Jesus is the meeting point of matter and spirit, the meaning and answer to all of history. God did not create a world and just leave us to enjoy and suffer all the circumstances existence brings. In taking on flesh, becoming Immanuel, God with us, our creator lives and moves alongside us.
This is not a remote Godhead, but one which submits itself to all that having a physical nature entails. The promise of that empty tomb on the third day invites us to hold onto the pledge of transcendent redemption: namely that nothing will ultimately separate us from the love of God made known in the death and resurrection of his Son.
Asking God to make a material world devoid of rough edges would be tantamount to demanding that two and two equals five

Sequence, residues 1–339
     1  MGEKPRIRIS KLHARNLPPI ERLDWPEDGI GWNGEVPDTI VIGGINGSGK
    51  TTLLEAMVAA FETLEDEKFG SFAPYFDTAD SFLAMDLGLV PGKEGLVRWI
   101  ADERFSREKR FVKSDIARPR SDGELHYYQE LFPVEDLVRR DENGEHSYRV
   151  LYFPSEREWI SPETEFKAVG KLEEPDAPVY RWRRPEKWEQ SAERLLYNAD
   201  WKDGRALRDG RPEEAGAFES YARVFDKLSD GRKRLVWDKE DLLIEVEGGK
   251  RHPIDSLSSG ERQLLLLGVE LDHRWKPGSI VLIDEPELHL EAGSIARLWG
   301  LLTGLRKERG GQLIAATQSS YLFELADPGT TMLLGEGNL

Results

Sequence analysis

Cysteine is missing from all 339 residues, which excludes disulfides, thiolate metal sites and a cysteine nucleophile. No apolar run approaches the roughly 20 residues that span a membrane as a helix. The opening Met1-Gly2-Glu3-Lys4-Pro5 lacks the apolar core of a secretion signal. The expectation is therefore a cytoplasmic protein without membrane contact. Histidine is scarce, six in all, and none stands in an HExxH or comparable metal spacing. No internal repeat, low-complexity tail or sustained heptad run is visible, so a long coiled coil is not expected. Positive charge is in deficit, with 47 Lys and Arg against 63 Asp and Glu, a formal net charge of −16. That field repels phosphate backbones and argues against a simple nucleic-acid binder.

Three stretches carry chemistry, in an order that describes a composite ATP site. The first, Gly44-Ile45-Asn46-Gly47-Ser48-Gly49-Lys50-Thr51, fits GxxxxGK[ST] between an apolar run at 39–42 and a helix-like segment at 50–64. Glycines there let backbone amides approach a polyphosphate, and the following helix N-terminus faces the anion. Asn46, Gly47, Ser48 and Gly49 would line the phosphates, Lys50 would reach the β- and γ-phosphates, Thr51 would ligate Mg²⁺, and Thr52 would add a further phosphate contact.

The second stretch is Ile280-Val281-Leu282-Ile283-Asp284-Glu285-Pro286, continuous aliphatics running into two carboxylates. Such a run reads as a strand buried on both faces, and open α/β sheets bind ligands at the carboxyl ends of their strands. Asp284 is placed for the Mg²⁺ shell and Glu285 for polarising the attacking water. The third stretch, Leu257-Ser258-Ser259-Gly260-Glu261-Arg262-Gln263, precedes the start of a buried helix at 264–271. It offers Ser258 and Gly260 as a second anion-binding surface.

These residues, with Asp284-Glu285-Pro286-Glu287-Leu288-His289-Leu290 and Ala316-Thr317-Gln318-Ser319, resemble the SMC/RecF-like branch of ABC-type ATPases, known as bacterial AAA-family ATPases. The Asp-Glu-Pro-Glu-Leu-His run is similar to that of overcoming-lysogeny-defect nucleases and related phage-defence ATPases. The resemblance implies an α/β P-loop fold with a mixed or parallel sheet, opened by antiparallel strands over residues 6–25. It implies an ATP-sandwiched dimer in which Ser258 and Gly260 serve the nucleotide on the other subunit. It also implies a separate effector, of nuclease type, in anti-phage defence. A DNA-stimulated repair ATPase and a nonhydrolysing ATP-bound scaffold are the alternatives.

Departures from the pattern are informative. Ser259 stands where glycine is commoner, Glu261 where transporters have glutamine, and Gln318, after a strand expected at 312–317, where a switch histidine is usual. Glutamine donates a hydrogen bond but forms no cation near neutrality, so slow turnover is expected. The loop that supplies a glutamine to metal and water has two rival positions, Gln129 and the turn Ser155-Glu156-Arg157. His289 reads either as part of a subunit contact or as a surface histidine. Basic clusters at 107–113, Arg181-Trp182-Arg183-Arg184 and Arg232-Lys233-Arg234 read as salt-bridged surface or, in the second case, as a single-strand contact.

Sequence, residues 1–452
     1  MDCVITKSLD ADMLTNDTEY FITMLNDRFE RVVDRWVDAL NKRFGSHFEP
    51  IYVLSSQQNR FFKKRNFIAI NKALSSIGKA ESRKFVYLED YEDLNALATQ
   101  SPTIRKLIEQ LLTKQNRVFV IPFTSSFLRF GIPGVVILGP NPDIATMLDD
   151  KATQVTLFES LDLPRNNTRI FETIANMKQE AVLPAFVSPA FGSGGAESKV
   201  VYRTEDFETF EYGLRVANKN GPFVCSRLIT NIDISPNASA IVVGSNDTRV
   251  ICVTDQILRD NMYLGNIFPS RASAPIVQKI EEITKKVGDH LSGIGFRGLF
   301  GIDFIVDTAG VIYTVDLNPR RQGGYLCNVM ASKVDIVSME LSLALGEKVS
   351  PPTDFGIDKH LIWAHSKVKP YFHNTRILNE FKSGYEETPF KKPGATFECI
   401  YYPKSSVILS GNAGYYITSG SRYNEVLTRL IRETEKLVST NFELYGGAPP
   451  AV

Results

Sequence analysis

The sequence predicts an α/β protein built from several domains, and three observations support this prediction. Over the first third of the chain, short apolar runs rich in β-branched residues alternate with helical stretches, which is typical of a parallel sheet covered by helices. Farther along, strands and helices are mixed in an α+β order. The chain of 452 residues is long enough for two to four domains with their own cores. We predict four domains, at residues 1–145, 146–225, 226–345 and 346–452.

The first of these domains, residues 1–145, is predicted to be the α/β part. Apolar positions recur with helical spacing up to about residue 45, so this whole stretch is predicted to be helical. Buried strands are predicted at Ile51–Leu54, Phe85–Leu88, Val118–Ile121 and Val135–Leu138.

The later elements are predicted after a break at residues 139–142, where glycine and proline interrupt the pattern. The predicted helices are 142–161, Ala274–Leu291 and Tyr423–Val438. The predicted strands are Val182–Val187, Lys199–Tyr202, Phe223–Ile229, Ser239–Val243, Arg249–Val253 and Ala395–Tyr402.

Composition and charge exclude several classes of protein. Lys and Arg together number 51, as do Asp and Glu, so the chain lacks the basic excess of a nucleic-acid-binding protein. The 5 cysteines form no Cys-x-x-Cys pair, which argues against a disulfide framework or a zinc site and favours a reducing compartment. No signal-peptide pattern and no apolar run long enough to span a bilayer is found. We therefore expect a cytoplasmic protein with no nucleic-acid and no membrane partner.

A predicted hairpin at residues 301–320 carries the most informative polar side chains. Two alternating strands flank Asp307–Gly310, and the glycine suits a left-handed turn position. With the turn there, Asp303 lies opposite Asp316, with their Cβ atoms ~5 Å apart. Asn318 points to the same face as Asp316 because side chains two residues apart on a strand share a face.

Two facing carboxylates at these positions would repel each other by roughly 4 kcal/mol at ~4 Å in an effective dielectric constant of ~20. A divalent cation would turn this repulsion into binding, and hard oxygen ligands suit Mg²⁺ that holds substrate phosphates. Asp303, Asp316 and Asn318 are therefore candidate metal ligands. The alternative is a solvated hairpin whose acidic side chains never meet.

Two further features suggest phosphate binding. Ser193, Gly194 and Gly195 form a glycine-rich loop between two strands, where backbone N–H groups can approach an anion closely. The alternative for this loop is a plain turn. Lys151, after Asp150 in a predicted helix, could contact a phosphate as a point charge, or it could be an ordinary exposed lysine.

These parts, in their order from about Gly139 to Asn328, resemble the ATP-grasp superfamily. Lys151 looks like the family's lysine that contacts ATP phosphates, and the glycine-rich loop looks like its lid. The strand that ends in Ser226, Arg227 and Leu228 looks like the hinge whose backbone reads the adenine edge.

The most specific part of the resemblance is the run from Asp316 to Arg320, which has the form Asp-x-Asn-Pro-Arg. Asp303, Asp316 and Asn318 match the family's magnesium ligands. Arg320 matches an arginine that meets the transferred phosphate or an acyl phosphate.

When my father pointed to those shocking tsunami images on TV almost two decades ago and said “God could have stopped that”, I was lost for words. There is still no trite answer; no easy formulaic response. As the philosopher DZ Phillips wisely wrote: “It is easy for us, intellectuals, to add to the evil in the world by the ways in which we discuss it.”
But after giving extensive thought to this most perplexing of issues – and Voltaire would hate me for saying it – Leibniz probably had it right. This is, surely, the best of all possible worlds. For any God that had other feasible options that involved less suffering and pain, and still forged ahead with the universe we observe, should rightly be in the dock.
I still look through a glass darkly sometimes, but these days, it is a trifle easier to utter those words: “Lord, I believe; help thou mine unbelief” (Mark 9:24, KJV).